Defence equipment manufacturer BAE Systems has predicted strong growth for the remainder of 2009, despite poor sales of land vehicles.
The group said that trading from June to October was in line with its expectations and has forecast a stronger operating cash inflow in the second half year.
The underlying interest charge is expected to increase in 2009 as a result of the cash cost of business acquisitions made in 2008 and the lower level of interest received on cash held.
Demand for Electronics, Intelligence and Support (EI&S) has also been forecast to remain strong on the back of significant contract wins.
In September, BAE Systems was one of two companies selected to participate in contract with a maximum value of £1.2bn for the Driver’s Vision Enhancer range of infrared sensors that provide 24-hour, all-weather visibility to operators of ground vehicles.
However, despite an upbeat forecast, BAE is anticipating a reduction of its Military Air Solutions business as a result of the closure of its Woodford site at the end of 2012. It added that additional job losses could result from the closure of three further sites resulting in an expected 1,100 job losses in the UK over the next three years.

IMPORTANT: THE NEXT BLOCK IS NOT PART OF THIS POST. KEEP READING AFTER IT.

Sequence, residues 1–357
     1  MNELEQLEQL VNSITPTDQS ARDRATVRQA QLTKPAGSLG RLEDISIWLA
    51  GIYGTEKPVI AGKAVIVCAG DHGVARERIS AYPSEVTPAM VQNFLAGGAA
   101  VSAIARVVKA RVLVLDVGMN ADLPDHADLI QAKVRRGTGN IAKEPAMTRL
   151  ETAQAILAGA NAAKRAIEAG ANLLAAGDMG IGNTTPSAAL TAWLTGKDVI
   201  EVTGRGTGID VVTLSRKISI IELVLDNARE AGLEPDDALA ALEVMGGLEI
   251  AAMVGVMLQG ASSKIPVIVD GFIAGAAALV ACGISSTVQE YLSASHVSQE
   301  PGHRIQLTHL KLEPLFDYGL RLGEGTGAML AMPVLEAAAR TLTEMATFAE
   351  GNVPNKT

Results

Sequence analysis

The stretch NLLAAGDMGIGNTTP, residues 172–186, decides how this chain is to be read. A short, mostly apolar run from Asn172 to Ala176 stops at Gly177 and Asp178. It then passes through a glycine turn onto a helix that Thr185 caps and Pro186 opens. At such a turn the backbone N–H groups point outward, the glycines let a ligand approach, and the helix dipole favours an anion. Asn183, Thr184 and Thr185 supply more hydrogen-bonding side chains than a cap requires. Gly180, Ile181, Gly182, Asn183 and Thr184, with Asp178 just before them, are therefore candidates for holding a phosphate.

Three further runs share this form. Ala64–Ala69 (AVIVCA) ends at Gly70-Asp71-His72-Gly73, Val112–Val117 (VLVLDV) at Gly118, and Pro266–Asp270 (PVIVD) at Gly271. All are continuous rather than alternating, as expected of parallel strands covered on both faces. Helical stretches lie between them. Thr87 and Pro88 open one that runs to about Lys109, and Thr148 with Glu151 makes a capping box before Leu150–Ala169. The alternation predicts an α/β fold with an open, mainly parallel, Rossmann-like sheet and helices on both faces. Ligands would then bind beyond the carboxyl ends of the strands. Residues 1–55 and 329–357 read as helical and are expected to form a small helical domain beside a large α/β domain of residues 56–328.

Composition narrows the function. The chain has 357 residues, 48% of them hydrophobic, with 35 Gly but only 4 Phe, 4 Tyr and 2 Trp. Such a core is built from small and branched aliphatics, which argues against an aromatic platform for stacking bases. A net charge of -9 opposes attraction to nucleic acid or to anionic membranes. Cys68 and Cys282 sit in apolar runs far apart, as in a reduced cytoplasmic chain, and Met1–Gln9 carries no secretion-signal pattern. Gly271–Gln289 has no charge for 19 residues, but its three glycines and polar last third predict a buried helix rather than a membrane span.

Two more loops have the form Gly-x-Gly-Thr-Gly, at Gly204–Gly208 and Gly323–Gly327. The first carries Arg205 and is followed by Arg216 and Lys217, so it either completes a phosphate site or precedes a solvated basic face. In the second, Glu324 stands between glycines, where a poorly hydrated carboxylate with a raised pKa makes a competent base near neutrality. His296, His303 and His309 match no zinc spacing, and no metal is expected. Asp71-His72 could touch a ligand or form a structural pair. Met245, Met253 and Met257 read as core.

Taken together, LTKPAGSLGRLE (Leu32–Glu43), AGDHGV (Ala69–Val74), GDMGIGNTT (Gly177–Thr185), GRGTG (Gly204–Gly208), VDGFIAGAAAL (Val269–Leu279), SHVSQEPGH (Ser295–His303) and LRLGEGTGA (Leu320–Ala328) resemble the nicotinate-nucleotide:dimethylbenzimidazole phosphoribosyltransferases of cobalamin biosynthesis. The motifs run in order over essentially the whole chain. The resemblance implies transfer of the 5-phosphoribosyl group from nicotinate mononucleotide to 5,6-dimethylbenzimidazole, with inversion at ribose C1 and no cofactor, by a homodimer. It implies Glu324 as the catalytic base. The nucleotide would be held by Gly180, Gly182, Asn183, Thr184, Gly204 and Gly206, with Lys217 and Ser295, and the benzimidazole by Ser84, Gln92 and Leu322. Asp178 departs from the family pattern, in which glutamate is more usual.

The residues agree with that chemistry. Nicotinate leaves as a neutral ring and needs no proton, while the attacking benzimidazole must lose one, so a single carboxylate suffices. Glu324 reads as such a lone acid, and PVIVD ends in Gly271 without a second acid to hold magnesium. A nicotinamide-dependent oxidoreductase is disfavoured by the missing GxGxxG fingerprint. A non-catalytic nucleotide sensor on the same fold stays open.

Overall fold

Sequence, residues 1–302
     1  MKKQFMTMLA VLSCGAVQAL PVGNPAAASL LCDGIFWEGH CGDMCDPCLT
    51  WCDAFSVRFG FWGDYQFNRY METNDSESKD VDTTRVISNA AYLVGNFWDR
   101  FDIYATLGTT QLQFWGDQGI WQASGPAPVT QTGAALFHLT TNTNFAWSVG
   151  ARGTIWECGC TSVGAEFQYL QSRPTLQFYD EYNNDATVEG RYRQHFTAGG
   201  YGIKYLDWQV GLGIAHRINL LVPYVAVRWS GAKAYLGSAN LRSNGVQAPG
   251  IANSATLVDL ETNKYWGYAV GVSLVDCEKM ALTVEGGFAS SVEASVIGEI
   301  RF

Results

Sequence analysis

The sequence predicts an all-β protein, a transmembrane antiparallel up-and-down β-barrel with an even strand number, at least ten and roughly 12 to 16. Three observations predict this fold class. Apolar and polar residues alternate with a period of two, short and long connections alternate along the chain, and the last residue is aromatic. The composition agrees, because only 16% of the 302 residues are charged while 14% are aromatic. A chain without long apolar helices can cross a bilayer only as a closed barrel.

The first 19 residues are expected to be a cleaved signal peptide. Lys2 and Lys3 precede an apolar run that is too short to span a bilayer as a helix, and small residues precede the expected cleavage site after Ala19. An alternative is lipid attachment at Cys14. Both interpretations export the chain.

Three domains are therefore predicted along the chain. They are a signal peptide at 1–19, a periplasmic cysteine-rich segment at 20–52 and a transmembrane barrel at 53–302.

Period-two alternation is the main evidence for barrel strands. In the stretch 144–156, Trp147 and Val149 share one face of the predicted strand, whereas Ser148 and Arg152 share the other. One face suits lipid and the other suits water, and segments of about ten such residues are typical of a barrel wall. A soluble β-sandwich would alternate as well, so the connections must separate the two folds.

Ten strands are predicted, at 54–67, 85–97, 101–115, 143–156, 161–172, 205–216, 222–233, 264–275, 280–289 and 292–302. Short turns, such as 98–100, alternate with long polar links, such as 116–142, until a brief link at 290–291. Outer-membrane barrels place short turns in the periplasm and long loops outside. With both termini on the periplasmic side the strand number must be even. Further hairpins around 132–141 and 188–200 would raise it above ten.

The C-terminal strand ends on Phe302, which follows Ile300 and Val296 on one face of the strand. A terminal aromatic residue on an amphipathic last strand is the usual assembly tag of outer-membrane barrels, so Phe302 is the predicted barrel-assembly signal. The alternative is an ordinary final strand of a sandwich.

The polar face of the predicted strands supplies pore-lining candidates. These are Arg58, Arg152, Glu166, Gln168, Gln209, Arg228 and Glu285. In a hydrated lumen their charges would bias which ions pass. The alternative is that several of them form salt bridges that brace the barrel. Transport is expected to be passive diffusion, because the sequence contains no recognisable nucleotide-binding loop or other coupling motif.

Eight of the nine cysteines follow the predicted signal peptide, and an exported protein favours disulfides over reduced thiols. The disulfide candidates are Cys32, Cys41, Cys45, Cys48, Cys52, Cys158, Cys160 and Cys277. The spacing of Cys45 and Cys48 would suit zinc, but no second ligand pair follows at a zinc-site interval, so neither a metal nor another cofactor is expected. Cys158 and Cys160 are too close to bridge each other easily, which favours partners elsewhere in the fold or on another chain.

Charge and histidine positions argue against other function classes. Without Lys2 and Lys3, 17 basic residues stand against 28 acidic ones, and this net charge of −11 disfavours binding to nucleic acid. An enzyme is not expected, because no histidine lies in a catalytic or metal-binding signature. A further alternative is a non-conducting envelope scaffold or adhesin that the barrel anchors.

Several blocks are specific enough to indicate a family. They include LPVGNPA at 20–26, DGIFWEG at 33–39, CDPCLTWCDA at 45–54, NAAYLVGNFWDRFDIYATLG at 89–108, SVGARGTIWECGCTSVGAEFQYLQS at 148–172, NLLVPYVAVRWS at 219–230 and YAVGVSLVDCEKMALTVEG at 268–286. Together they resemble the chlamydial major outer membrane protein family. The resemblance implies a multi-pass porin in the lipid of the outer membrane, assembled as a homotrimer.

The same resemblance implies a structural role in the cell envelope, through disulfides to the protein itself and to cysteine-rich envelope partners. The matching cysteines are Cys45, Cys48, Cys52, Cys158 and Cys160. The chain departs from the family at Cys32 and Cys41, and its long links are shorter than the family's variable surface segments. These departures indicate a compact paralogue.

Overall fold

Additional losses are expected as a result of the US Department of Defense’s (DoD) decision not to award BAE a build-to-print contract for follow-on production of vehicles under the Family of Medium Tactical Vehicles (FMTV) programme. BAE said it intends to protest this decision.
In a trading update, the group said: ‘The implications for the group cannot be fully assessed until the outcome of this protest has been determined… should the group’s protest at the loss of the contract be unsuccessful, significant impairments would result.’